Another teacher marveled at a student's movement:Takarie made my day today. He always looks sad and depressed. But in the Bridging Moving to Music activity, he demonstrated exceptional understanding of rhythm, moving body parts and changing tempo in concert with the music. Seeing how much he enjoyed dancing, two girls wanted to dance with him and that made him smile even more!

Learning Profiles and Rubrics

The Bridging system enables teachers to create an ongoing individual learning profile for each student, showing the student's performance on each assessment activity (see fig. 1). A comparison with other students' learning profiles reveals each child's unique and often uneven pattern of development across the curricular areas. Teachers can begin to consider how to further develop each student's strengths and use those strengths as a point of entry to address areas in which the child is less experienced.

Figure 1. Sample Bridging Assessment Learning Profile

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This focus on the individual is particularly powerful for understanding children who are considered troubled or difficult. Omar's teacher, for example, built on Omar's newly revealed spatial ability by extending it to more complex explorations of blocks, math manipulatives, puzzles, and even abstract paintings. Takarie's teacher drew on the rhythmic similarity between music and language to help develop his language skills, engaging Takarie in learning nursery rhymes by adding improvised music and beats. The whole class became excited about the activity and joined in. Both these students progressed because their teachers achieved a more complete picture of their abilities by assessing them in diverse curricular areas.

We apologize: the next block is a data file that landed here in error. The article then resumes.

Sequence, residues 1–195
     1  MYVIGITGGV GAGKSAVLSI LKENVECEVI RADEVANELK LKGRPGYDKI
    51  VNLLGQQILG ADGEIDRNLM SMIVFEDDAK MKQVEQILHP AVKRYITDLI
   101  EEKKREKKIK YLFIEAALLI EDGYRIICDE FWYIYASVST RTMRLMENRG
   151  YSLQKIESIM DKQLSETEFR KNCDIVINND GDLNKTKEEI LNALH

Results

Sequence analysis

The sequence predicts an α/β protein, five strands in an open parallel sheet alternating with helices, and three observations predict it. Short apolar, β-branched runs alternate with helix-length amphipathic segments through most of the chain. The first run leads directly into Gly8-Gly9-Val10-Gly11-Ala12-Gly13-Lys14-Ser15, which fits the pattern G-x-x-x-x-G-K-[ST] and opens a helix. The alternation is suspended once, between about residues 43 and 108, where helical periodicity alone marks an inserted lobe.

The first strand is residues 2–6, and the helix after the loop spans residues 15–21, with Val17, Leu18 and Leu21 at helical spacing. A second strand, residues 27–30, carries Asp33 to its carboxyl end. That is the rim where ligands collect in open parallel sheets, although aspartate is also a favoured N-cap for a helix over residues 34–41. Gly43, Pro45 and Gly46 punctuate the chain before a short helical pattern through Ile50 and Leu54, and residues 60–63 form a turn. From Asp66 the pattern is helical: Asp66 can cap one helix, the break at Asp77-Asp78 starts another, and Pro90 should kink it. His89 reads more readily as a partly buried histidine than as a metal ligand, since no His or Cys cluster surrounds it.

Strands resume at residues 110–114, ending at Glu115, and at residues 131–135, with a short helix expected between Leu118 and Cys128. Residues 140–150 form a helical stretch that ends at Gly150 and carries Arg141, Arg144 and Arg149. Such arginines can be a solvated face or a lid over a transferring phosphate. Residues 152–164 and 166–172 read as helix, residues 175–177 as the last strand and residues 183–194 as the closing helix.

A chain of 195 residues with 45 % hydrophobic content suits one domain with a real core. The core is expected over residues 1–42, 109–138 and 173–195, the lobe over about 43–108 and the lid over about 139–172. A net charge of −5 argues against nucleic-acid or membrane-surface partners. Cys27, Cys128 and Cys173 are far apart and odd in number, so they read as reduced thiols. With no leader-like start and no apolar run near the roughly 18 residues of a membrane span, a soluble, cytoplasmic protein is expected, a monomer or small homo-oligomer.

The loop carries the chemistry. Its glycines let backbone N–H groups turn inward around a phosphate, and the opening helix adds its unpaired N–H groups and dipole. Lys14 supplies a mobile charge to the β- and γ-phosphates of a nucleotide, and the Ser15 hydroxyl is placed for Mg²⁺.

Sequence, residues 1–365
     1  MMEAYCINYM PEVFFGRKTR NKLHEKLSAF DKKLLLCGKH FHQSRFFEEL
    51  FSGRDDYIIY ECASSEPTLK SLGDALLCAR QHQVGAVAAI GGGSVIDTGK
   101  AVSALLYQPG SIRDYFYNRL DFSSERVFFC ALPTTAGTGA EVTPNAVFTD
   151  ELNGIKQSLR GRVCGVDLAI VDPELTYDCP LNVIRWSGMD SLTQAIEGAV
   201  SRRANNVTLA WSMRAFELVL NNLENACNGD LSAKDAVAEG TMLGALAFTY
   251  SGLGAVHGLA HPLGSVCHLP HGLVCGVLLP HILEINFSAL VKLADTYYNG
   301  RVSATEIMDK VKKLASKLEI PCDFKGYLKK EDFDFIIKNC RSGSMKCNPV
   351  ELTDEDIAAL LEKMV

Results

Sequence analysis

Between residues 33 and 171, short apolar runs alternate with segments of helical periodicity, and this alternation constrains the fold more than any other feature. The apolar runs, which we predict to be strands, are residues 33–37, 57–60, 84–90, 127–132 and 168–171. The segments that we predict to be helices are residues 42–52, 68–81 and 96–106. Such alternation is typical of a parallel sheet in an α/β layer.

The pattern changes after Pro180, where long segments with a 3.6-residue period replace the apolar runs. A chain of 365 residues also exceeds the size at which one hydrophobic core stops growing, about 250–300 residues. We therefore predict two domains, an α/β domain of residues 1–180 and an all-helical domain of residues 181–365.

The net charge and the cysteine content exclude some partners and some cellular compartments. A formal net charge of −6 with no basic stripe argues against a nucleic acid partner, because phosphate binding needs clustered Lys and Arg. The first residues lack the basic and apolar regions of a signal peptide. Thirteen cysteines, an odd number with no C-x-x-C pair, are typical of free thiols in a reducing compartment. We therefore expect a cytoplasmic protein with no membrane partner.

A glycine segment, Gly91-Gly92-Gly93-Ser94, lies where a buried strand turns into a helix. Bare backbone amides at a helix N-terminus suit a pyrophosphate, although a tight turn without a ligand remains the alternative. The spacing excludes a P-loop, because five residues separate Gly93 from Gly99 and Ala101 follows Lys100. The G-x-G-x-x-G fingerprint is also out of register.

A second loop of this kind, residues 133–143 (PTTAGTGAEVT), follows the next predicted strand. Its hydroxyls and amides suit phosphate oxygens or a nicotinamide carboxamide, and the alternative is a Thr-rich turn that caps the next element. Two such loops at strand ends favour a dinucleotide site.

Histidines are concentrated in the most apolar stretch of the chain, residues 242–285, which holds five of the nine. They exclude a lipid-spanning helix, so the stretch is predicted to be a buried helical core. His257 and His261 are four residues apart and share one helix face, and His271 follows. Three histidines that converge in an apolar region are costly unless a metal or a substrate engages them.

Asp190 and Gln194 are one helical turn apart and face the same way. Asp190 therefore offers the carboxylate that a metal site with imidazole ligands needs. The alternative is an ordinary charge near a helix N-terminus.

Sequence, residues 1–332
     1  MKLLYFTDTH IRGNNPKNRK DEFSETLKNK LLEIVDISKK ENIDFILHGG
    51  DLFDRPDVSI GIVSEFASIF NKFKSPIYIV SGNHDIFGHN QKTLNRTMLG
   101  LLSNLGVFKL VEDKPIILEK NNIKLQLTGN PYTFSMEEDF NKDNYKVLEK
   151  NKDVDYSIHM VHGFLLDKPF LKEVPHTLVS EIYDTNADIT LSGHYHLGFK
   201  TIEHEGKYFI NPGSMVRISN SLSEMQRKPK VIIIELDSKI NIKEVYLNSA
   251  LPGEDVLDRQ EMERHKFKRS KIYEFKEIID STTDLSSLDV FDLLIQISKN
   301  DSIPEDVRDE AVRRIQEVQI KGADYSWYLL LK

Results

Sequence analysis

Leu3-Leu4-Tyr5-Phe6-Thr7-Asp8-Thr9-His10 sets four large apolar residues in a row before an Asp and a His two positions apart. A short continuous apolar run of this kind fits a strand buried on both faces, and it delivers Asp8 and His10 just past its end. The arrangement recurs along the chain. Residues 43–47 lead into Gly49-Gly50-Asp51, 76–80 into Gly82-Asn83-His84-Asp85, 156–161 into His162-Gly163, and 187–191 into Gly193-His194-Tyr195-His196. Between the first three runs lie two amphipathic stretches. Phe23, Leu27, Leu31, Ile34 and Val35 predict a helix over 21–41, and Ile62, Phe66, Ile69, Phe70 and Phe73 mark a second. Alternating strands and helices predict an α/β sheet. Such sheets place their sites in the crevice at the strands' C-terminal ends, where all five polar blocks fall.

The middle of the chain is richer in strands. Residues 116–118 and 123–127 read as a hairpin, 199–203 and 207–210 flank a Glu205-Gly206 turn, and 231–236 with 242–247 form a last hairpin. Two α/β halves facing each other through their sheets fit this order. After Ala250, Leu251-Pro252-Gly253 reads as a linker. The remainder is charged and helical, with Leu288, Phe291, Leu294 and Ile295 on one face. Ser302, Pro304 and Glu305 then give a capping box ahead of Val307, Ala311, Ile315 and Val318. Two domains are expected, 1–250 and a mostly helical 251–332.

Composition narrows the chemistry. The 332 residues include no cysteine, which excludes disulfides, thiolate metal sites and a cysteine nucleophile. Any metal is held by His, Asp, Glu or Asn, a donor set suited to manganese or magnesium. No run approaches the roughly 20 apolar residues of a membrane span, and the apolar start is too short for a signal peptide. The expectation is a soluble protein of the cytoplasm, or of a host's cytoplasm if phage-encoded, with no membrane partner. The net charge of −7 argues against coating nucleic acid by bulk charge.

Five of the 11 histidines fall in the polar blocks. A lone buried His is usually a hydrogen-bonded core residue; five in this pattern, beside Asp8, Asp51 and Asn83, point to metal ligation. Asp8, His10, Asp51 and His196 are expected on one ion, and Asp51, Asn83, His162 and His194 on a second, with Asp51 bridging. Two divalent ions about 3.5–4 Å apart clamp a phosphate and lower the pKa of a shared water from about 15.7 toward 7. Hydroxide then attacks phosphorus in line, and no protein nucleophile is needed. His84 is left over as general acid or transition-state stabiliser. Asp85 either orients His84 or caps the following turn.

For each Bridging activity, we have developed a 10-level rubric that places key concepts and skills for children ages 3–8 on a developmental continuum. We based these rubrics on research and verified their validity through field tests. For example, the rubric for the Child Picks a Book activity that Hassen participated in is based on the stages of pretend reading developed by Sulzby (1985) and work by Fountas and Pinnell in guided reading (1996).
These rubrics help teachers locate a student's current level of development with regard to the key concepts and skills for the activity and guide teachers in what to look for as the student progresses to the next stage. Each rubric describes performance indicators—specific behaviors students demonstrate—for each level.